Well hell, it’s Friday and that means one thing (okay it means lots of things but today, only one) – it’s Boobday!
Boobs have been on my mind a lot lately.
We have a new joke in my family. I’m the youngest woman in the family, but I have the saggiest boobs.
Huh? How did that happen?
Sooooo, when I went to spend a week with my mom who was having surgery, it wasn’t because she was sick or hurt. (Thank gawd.) But she did have a double mastectomy with reconstruction.
This was just seven months after my aunt (her baby sister) had a double mastectomy with reconstruction following a breast cancer diagnosis and six months after my great-aunt (my mother’s aunt – and grandmother’s sister) was diagnosed with breast cancer and had a mastectomy (but no reconstruction).
Basically, I’m the only woman left in my family with two natural boobs.
And the reality is that fact might change.
My family – from my great-great-grandmother and her sisters all the way down to my aunt – have been plagued with cancer diagnoses. The women in my family usually get ovarian, uteran, and/or breast cancer. You know, the girl cancers (yes, men can get breast cancer, too).
Now, it’s not always those cancers. My grandmother ultimately died of stage four cancer that spread to her lungs, brain, and breasts, but the doctors said it began in her lungs. My grandfather died of pancreatic cancer. Other family members had breast and ovarian cancer and managed to survive before dying of other things.
But cancer is a definite thing in my family.
The conversation about genetic testing began back in 2015 when I switched to a new gynecologist. As I recounted my medical history for him, he asked if anyone had gone through the genetic testing available for breast and ovarian cancers – BRCA 1 or BRCA 2. Nope, we hadn’t. Hadn’t really thought about it, actually. Cancer is just a thing. We hate it but we accept it as a potential reality.
His recommendation was for my mother to get the test done. If she was negative, I didn’t need the test. If she was positive, I should consider it – and insurance might pay for it. Once we had results, then I could decide “what to do” about it.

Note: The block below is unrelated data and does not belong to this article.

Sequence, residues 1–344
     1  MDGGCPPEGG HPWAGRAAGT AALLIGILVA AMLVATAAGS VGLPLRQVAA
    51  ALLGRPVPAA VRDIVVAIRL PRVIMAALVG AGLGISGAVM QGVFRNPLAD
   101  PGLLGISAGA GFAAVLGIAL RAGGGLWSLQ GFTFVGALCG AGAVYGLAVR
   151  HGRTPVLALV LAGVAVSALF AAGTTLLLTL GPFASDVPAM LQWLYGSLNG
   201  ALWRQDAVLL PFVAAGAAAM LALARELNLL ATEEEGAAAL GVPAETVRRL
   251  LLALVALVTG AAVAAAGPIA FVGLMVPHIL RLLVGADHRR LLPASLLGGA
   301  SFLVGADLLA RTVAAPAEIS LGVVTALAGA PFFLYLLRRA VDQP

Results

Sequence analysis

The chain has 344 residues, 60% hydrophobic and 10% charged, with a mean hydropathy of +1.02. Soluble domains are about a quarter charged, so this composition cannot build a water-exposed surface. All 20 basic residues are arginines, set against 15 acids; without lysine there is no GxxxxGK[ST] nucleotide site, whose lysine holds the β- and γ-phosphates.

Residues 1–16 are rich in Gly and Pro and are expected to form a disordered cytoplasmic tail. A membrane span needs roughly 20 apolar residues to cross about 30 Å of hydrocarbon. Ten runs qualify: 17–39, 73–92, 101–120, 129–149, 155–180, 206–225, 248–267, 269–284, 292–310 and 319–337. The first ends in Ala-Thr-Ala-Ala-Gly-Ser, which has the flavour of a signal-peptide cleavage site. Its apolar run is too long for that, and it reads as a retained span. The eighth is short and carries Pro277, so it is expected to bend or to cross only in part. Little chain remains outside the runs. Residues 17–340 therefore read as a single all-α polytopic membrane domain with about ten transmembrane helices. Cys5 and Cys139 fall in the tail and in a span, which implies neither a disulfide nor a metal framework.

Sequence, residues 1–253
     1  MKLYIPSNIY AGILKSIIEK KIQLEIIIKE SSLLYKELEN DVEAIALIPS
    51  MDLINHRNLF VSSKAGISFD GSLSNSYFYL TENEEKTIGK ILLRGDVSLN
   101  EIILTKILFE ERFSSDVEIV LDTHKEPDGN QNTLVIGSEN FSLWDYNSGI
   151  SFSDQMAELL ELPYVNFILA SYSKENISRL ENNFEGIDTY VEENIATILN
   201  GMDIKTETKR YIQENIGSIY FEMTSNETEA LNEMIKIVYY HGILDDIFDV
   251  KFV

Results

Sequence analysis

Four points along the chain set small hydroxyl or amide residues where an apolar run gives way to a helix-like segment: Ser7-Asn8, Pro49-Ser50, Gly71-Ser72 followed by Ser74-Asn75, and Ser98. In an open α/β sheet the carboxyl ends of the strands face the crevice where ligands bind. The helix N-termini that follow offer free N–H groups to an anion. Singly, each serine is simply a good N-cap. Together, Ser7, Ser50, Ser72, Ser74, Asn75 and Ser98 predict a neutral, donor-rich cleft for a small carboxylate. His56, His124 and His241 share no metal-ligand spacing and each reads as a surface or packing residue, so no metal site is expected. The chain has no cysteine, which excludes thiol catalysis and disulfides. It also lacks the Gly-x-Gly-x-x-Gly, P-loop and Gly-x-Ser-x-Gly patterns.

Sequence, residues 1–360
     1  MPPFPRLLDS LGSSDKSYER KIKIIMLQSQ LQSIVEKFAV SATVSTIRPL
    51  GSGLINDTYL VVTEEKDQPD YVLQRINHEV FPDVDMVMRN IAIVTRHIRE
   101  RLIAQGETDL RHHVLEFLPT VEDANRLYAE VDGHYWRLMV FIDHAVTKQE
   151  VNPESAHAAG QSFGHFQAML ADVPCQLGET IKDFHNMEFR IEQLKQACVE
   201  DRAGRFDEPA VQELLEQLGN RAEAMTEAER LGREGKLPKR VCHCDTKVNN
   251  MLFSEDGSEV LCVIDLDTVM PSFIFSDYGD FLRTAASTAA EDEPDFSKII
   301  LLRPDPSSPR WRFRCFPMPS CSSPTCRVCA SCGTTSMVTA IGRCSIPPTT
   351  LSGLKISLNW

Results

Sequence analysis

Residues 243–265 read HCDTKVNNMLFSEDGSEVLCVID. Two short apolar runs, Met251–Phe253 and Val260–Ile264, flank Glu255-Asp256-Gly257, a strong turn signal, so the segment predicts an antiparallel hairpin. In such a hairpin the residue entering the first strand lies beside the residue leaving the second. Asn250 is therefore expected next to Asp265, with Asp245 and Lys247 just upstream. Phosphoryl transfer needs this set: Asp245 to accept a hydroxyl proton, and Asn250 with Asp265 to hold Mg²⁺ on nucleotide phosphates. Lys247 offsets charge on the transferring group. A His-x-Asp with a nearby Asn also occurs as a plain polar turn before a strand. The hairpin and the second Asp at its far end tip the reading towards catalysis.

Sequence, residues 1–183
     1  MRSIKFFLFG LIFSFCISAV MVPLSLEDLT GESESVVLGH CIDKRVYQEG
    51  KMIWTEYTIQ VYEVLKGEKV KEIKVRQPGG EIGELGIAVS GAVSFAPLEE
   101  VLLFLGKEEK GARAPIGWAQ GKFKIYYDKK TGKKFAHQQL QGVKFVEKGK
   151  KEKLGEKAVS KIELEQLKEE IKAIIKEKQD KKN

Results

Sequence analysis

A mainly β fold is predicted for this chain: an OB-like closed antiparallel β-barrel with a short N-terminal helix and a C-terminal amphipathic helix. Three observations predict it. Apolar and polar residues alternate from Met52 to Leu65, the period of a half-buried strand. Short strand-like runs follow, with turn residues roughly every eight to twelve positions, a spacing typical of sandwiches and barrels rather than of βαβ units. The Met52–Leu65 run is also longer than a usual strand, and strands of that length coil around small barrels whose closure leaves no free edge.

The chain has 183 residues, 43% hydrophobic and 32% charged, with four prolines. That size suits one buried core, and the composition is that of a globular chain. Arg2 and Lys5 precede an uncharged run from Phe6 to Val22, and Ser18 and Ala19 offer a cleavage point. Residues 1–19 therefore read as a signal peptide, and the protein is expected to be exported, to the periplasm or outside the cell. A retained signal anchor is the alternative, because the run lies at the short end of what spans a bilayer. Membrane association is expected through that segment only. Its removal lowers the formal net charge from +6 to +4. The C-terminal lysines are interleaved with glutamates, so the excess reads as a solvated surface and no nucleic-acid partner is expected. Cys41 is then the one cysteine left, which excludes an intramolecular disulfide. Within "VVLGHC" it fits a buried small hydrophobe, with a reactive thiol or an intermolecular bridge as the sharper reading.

We never got that far before my aunt was diagnosed – right as John Brownstone’s sister was entering the final stages of her own battle with cancer. This prompted my mother to get the testing sooner than expected. She was negative on BRCA 1 and BRCA 2 but positive on another section of the test with a high chance of an eventual breast cancer diagnosis.
Her own doctor, who’s mother and wife have both had breast cancer, recommended surgery. I recommended surgery. My aunt recommended surgery. My mom didn’t really hesitate.
There’s no way to guarantee we’ll never get cancer, but damn, why shouldn’t we do what we can to help prevent it, right?
So here we are. I’m the last woman standing with her “natural” boobs. And my turn for genetic testing could come in the next few months.
Boobs are kind of all I think about right now.
What will the test say?
Will I follow in the my aunt and mother’s footsteps?
How will my sexuality change without what John Brownstone calls the “direct line to my clit?”
Am I losing sleep over it? Not at all. Am I obsessed with my boobs or stressed out? Not yet. This is all still hypothetical. It isn’t real. At least not yet.
But it doesn’t mean I’m not thinking about my boobs…a lot.